Myths & Facts

MYTH: Domestic violence is not a problem in my community.

FACT: In 2012, 28,729 domestic abuse incidents were reported to law enforcement and referred to Wisconsin district attorneys’ offices. In 2013, domestic violence claimed 55 lives in Wisconsin.
In 2013, firearms were the weapon used in 51% (20) of the domestic violence homicide incidents. Firearms are the most common means of perpetration in domestic violence homicides in Wisconsin.

Domestic Violence Resulting in Homicide in Taylor County

























*Perpetrators then committed suicide.      °Info taken from End Abuse Domestic Violence Homicide Report

MYTH: Alcohol, drug abuse, stress, and mental illness cause domestic violence.

FACT: Abuse is not an accident. It does not happen because someone was stressed-out, drinking, or using drugs. These issues may go along with domestic violence, but they do not cause the violence. Abuse is an intentional act that one person uses in a relationship to control the other. Abusers have learned to abuse so that they can get what they want. Abusers often say they use these excuses for their violence.

MYTH: Domestic violence happens only in low-income families.

FACT: Domestic violence happens in all kinds of families, rich and poor, urban, suburban and rural, in every part of the country, in every racial, religious and age group.

MYTH: Domestic violence is an anger control issue.

FACT: Domestic violence has nothing to do with anger. Anger is a tool abusers use to get what they want. We know abusers are actually very much in control because they can stop when someone knocks on the door or the phone rings; they often direct punches and kicks to parts of the body where the bruises are less likely to show; and they are not abusing everyone who makes them "angry", but waits until there are no witnesses and abuses the one he says he loves.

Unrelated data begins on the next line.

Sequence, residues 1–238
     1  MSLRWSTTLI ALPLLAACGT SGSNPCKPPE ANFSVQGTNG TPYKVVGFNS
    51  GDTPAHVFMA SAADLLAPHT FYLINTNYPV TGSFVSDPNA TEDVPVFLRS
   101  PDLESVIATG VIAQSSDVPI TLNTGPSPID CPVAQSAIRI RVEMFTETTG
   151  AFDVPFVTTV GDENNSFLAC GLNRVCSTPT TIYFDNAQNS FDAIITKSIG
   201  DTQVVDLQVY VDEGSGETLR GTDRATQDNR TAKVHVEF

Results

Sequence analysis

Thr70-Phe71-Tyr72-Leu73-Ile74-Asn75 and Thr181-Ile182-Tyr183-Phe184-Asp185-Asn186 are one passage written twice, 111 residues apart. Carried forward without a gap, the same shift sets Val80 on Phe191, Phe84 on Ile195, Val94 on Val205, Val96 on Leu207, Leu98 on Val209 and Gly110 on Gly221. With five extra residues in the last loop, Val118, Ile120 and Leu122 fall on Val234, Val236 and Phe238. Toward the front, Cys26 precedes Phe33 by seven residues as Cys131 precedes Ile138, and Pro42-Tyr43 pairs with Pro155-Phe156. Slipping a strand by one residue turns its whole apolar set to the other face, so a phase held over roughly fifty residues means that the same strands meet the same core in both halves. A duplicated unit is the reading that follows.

MYTH: Domestic violence incidents usually happen only once or twice in a relationship.

FACT: Abusers usually escalate violent behaviors in frequency and intensity over time.

MYTH: Children aren't aware of the violence in their home.

FACT: Studies show that most children are aware of the violence in their home.

MYTH: Children are not at risk for being hurt or injured.

FACT: Men who abuse their partners are more likely to abuse the children in the home. Domestic violence is the number one predictor for child abuse. Subjecting children to an environment full of violent actions and hateful words is not being a "good dad."

MYTH: Boys who witness violence will grow up to be abusers.

FACT: Studies have found that 30% of male child witnesses choose to become abusers as adults.The majority of children, male and female, who witness domestic violence become advocates for children when they grow up; committed to raising their children without the use of violence and going into professions where they work to end violence against all children.

Young men in our society must never feel they are destined to become violent. We send a dangerous message to young men and boys when we imply they are fated to become violent and we give abusers an excuse for their behavior.

MYTH: Some people deserve to be hit/the abuse is often provoked.

FACT: No one deserves to be abused. Period. The only person responsible for the abuse is the abuser.

MYTH: It’s easy to spot an abuser/abuse.

FACT: Abusers are not always easy to spot. There is no 'typical' abuser. In public, they may appear friendly and loving to their partner and family. They often only abuse behind closed doors. They also try to hide the abuse by causing injuries that can be hidden and do not need a doctor.

MYTH: If it were that bad, he/she would just leave.

FACT: There are many reasons why a person may not leave. Not leaving does not mean that the situation is okay or that the victim wants to be abused.

Leaving can be dangerous. The most dangerous time for a woman who is being abused is when she tries to leave.

Many victims do leave and lead successful, violence free lives.
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